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A Behind the Scenes Look at Being a JailerSubmitted: 04/10/2013
Story By Lyndsey Stemm


RHINELANDER - Last month's inmate attack on a corrections officer in Marathon County raised concerns about safety in our county jails. But it also made us curious about the responsibility of looking after inmates.

Jailers don't do their jobs out in the open like patrol officers. The average person might not know what the job entails unless they know a jailer, or spend a lot of time in jail.

Imagine having a job where nobody but your coworkers are happy to see you.

"Nobody really wants to have contact with you. You have inmates who aren't happy to be here, clearly," says Sandra Ladu-Ives, Acting Oneida County Jail Administrator.

Learning not to take it personally is one of the first lessons for a corrections officer.

"There can be a lot of days where morale gets low because of the activities of inmates," says Ladu-Ives.

These Oneida County jailers say keeping inmates in line is just the beginning of their responsibilities. An officer with the county was recently awarded "Jailer of the Year" for stopping three suicides in as many months. They say you can't accomplish that without building a rapport with inmates.

"We have to have a rapport. You can still remain professional and not get too personal, but at the same time have empathy, have some compassion, and be alert to what's going on," says Daniel Huettl, an Oneida County Corrections Officer.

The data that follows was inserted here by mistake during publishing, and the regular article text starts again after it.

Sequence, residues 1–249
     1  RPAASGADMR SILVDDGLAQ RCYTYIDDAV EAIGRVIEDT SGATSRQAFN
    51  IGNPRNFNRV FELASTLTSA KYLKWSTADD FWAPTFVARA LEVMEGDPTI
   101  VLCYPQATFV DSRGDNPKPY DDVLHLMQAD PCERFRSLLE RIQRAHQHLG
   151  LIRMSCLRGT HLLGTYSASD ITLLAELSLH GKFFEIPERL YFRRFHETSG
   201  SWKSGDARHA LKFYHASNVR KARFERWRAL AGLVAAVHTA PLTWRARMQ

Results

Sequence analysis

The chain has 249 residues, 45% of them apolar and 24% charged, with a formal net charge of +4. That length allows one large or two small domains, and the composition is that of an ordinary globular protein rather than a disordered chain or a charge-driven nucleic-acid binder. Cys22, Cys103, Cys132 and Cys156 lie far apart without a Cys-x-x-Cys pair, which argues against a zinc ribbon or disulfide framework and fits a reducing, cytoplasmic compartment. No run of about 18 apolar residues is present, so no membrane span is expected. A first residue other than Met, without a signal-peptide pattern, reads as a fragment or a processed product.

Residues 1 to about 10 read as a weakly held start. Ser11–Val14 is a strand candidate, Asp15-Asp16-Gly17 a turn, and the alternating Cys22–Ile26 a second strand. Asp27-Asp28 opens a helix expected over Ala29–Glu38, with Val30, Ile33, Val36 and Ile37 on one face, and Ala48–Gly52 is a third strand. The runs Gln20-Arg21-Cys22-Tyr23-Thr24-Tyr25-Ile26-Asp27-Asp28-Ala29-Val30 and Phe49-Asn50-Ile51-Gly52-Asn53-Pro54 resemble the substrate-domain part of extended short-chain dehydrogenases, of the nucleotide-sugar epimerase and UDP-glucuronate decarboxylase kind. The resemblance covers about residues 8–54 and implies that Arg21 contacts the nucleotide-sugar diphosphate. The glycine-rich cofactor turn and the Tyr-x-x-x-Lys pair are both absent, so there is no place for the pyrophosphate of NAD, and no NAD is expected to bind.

"There's a lot of people coming in here who are at the lowest point of their life. You have to really be keen to their needs," says Ladu-Ives.

Watching out for an inmate's well-being and treating them with dignity, while keeping vigilant every minute for your own safety, can be a fine line to walk. It's something Marathon County was reminded of last month. One of their officers is still in a coma from an attack.

"You can be standing there talking to somebody one minute and the next minute they hear something that you said or maybe that they didn't want to hear. And that can make someone flip a switch," says Ladu-Ives.

"I teach my officers, my trainees, not to be hyper-vigilant. We don't want them jumping around like a cat on a hot tin roof, but we want them to be relaxed but alert," says Huettl.

It's a big task. With a capacity of 209 inmates, there could be as few as six officers on duty. But balancing watching out for, and keeping safe from inmates is something these officers believe in.

"It's a profession. And it's something that you really have to believe in and really have to have a heart for," says Ladu-Ives.

"I think I can speak for everybody here: we try to send people back out into the community in better condition than we found them," says Huettl.



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 IN OTHER NEWS
ATV rides for seniorsSubmitted: 06/29/2016

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ONEIDA COUNTY - The Oneida County Senior Centers gives seniors the chance to try new things.

Wednesday, thanks to the help of two ATV groups, the seniors were able to go on rides through the forest.

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MERRILL - When you need to feed three children on a limited budget, Stanges Park becomes something of a summer oasis for Claire Barker.